Without anything going for these poor lambs, a shepherd must step in to lead and protect them. Interestingly, sheep follow the voice of the shepherd, even when they can’t see him. If another called, the sheep would not follow the strange voice; they would wander instead. This is one of the reasons Jesus said, “I am the Good Shepherd. My sheep hear me and know my voice.” Shepherds had individual calls for each sheep that would come only for their shepherds.  The shepherd knew each sheep from birth. It is up to the shepherd to defend the flock not only from their natural wanderings, but from prey. He did both with the rod and staff; it was used not only to hook around a sheep and bring them back into the fold, but as a weapon against predators. The tool that disciplined the lamb and brought it back into the fold also fought off predators that would attack and devour the sheep. A careless shepherd would maintain distance and leave the sheep to their own devices. A shepherd who used the rod on the sheep instilled them with a confidence that the rod would not be spared against if they came under attack.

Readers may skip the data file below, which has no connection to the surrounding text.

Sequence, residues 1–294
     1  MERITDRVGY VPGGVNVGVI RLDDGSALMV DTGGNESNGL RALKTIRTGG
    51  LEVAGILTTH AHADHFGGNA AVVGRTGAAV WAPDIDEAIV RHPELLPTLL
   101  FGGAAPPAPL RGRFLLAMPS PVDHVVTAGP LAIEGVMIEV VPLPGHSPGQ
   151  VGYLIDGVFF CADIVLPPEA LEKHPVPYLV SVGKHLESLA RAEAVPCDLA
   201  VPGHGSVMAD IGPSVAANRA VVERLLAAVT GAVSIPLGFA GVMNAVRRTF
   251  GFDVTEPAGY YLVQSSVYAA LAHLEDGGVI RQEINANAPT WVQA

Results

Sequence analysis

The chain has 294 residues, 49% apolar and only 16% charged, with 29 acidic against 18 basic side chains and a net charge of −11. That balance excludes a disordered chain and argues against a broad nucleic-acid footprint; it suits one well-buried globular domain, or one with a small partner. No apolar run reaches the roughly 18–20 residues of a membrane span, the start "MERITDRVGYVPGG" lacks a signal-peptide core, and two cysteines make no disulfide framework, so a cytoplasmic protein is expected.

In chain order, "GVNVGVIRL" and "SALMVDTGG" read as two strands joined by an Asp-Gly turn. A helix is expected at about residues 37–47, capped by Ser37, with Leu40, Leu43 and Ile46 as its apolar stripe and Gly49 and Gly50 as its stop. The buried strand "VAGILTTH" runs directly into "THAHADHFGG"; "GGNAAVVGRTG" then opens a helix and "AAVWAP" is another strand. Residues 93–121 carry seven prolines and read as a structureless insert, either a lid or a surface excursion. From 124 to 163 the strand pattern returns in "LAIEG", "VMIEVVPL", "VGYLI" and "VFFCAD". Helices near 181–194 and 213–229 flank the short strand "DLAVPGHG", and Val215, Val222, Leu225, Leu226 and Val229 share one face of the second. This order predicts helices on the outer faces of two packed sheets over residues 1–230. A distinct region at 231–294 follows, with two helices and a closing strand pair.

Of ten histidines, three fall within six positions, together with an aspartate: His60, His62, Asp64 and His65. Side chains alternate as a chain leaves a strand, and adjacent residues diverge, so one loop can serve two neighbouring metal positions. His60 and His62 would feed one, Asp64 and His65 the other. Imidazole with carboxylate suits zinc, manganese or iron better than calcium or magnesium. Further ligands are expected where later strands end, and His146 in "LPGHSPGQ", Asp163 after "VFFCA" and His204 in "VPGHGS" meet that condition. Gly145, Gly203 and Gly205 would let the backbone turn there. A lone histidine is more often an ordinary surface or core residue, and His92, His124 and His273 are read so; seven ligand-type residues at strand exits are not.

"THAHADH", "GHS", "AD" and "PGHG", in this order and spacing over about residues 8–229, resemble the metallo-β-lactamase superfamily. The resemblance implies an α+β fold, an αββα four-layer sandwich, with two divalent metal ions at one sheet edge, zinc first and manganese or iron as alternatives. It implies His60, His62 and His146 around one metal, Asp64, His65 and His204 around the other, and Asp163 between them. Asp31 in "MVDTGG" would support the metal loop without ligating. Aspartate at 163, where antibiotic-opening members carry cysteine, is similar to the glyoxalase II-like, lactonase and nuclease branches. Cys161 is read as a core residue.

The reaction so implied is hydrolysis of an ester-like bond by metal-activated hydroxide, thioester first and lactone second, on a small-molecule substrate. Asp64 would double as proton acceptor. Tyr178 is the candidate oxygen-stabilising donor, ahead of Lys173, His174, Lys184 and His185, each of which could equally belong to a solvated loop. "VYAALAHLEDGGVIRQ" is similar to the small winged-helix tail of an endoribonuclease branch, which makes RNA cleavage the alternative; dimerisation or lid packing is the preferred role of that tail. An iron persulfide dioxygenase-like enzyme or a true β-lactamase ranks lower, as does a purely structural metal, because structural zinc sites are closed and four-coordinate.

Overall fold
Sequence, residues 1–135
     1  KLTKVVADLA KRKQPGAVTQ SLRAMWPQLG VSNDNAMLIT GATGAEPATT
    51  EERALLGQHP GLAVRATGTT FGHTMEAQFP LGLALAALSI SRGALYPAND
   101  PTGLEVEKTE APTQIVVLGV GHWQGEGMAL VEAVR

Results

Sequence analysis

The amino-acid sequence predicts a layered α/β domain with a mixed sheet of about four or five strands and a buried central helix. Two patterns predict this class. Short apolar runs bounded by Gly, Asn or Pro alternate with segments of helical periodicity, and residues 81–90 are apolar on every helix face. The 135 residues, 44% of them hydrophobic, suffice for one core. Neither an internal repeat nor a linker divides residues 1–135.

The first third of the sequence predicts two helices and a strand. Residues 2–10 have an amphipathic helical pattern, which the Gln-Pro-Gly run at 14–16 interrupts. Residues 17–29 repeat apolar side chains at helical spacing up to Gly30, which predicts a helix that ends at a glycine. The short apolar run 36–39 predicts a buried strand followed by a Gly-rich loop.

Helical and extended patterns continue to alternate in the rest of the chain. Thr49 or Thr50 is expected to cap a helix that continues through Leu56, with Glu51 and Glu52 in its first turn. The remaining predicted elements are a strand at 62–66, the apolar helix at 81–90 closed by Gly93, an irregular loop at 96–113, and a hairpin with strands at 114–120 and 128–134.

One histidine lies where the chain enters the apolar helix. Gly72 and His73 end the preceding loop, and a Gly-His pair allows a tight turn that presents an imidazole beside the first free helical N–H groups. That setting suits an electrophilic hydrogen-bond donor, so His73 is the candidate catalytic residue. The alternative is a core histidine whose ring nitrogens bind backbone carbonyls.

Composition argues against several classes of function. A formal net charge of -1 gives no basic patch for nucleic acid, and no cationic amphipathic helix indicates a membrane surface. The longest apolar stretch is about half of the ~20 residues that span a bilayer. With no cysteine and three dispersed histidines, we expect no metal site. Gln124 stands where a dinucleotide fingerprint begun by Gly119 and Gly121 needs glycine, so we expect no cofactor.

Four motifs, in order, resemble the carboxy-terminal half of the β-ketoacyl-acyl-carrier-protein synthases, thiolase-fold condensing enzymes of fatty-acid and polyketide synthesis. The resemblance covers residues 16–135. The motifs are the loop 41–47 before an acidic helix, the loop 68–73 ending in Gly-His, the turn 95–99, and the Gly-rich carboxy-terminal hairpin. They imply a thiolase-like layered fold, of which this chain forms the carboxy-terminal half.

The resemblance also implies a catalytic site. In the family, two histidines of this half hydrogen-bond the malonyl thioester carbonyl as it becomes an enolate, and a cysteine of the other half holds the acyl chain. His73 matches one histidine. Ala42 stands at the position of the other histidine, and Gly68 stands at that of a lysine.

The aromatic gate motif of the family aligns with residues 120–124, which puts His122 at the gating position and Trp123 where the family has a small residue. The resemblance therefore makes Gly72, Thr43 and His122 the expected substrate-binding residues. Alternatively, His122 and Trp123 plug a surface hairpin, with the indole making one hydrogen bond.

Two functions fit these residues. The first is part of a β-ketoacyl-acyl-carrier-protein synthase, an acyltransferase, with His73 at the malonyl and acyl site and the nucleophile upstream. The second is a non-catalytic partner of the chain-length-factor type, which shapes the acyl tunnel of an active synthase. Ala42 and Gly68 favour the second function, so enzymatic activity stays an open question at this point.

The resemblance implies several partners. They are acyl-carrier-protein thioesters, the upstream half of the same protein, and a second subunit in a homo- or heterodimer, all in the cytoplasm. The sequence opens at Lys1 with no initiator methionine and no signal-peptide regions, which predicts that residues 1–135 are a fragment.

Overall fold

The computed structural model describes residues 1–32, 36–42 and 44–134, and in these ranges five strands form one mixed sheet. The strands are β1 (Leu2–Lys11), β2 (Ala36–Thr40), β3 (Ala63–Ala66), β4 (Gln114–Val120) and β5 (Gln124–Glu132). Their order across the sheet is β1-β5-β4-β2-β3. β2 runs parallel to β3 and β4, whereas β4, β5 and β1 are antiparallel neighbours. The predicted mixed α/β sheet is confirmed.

You prepare a table before me
    in the presence of my enemies;
you anoint my head with oil;
    my cup overflows.

Okay, there is where the flies come in. Here we seem to make a transition to humans as sheep don’t have tables prepared before their enemies, but the second verse has applications for humans and sheep.

David’s beginnings were somewhat humble; he was a shepherd and youngest of 7 brothers. When the prophet showed up and announced to David’s father, Jesse that the king would come from one of his sons, he didn’t even consider David. He had to be called in after every other brother had been considered and God had said, “Not it!” It seems Jesse was not the dad videotaping at the second grade spelling bee. Still, David’s head was anointed with oil, ceremonially declaring he was an heir to the throne. Anointing was extremely symbolic for a king, and it is often mentioned. However, I’d like to return to the sheep.